Stomach Cancer


Stomach cancer is the 7th most frequent cancer in males and 9th most frequent cancer in females in Singapore (2014-2018) according to the Singapore Cancer Registry.

Stomach cancer is the cancer of the cells of the inner lining of the stomach. The medical term for stomach cancer is gastric adenocarcinoma.

Stomach Cancer


Oesophageal cancer may not present with any symptoms in the early stages. However, common symptoms include:

  • Difficulty swallowing
  • Pain during swallowing
  • Weight loss
  • Heartburn
  • Regurgitation
  • Vomiting blood
  • Black, tarry bowel movements
  • Hoarse voice
  • Persistent cough

When to Seek Treatment

People with the above symptoms will need further evaluation.

Those with a strong family history of stomach cancer may consider screening for it.


By directly visualising the stomach through a gastroscopy, the doctor can accurately locate where the cancer is. A tissue biopsy is obtained to confirm the diagnosis.

Following the diagnosis of the cancer, a CT scan may be arranged to check if the cancer has spread.

Endoscopic ultrasound, PET scan and Laparoscopy may also be used to determine the stage of the disease.


Treatment depends on the location and stage of the disease as well as the general condition of the person. Surgical treatment followed by chemotherapy and radiotherapy may be necessary as additional treatment.

A gastrectomy is an operation to remove part (partial gastrectomy) or all (total gastrectomy) of the stomach.
The operation performed depends on the location of the cancer and the size of the tumour.

Distal Partial Gastrectomy

The lower portion of the stomach is removed and the upper portion of the stomach is joined to the small intestine.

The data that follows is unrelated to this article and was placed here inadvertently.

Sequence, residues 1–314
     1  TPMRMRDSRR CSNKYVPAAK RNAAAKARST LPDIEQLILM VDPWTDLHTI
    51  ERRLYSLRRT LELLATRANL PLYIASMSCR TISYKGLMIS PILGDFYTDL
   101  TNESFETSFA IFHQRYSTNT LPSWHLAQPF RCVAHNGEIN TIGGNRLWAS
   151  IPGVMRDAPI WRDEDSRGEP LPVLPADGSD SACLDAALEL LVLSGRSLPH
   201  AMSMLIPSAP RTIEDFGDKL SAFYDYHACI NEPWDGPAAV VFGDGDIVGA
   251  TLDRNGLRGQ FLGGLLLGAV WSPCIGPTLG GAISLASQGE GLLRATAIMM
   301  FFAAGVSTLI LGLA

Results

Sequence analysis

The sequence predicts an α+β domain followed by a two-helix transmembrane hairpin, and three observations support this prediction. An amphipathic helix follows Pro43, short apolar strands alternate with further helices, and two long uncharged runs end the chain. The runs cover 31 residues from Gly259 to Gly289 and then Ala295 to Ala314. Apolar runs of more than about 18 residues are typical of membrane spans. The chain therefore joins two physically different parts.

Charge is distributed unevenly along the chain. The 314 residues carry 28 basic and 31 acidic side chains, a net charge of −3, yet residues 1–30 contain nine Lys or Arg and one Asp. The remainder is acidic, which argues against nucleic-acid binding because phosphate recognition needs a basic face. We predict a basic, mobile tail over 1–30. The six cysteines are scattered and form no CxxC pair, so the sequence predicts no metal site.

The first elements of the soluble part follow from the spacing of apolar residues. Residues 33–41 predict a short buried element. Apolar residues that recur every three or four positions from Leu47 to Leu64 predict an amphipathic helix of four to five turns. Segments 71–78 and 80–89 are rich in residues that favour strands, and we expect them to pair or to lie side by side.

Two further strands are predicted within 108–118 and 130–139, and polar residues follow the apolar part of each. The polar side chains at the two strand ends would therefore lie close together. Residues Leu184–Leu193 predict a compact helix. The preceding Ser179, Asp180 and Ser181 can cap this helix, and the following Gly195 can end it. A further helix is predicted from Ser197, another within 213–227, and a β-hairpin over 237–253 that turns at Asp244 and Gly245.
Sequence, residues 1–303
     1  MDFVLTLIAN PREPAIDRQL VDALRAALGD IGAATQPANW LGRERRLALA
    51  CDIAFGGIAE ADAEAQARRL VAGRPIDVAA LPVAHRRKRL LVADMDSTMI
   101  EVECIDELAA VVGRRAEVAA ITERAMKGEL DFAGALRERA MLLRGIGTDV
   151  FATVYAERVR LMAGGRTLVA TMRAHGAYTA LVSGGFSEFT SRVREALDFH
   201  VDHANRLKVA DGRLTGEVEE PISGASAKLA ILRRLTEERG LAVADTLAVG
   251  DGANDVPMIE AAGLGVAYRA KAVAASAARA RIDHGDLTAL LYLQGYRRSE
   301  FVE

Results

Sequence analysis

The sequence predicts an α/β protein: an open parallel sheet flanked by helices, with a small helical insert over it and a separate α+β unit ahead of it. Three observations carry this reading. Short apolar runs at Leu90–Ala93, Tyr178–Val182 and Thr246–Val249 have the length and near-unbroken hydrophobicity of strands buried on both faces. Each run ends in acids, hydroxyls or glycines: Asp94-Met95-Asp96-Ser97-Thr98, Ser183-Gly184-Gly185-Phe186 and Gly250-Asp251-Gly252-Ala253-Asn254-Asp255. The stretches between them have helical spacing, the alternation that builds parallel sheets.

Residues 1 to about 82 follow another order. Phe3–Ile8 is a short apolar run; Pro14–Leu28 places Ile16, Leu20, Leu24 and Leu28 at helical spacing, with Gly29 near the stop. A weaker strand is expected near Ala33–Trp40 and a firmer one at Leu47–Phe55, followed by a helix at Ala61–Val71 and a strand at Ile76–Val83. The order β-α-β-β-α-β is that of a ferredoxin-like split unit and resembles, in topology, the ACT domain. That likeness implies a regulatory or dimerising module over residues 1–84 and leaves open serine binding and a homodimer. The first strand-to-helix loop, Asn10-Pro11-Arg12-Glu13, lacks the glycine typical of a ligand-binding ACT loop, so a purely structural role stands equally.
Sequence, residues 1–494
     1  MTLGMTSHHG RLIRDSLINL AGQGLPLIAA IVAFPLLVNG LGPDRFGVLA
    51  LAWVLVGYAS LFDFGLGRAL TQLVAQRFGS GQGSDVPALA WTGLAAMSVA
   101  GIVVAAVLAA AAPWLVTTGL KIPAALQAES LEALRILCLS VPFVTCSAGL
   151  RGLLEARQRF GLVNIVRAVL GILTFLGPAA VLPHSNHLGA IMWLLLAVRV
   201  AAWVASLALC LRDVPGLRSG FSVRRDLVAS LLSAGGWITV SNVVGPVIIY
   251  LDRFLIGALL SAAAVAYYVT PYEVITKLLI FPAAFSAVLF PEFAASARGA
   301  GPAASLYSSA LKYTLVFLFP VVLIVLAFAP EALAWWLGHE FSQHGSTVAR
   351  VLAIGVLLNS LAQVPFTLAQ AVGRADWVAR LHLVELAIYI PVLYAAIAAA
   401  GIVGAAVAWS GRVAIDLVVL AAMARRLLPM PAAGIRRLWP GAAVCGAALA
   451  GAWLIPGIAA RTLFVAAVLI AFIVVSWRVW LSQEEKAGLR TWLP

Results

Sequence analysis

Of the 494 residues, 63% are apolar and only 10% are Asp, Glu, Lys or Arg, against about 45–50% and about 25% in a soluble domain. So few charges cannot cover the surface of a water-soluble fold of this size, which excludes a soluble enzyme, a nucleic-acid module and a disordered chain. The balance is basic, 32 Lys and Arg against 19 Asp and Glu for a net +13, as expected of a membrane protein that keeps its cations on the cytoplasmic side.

Total Gastrectomy

The entire stomach is removed and the oesophagus is attached to the small intestine. In cancer surgery, the surrounding lymph nodes are removed as well.

The surgical approach can be performed by the traditional open technique or the laparoscopic technique.

Open Gastrectomy

A vertical incision is made in the upper abdomen.

Laparoscopic Gastrectomy

In select cases, the operation can be performed with small ‘keyhole’ incisions in the abdomen.

The advantages of a laparoscopic approach are

  • Less postoperative pain
  • Early recovery of bowel function
  • Early hospital discharge
  • Early return to work
  • Better cosmetic results

Both open and laparoscopic approaches are performed under general anaesthesia. A thin tube will be inserted through the nose into the stomach during the operation and left in place for a few days after the operation.

When bowel sounds return, the diet will gradually advance from liquids to soft foods.


  • Not yet known.
  • Related to mutations in the DNA of the cells.

Risk Factors

  • Infection with bacteria called Helicobacter pylori (H. pylori)
  • Smoking
  • Family history of stomach cancer
  • Consumption of salty and smoked food
  • Lack of intake of fruits and vegetables
  • Lack of intake of Vitamin C
  • Pernicious Anaemia
    (an auto-immune disease where the body develops antibodies which attack parts of the stomach)

Consult Our Doctor

Dr Lim Khong Hee
General Surgeon

MBBS (Singapore), M.Med (Surgery), FRCS (Edin), FRCSEd (Gen), FAMS (Surgery)

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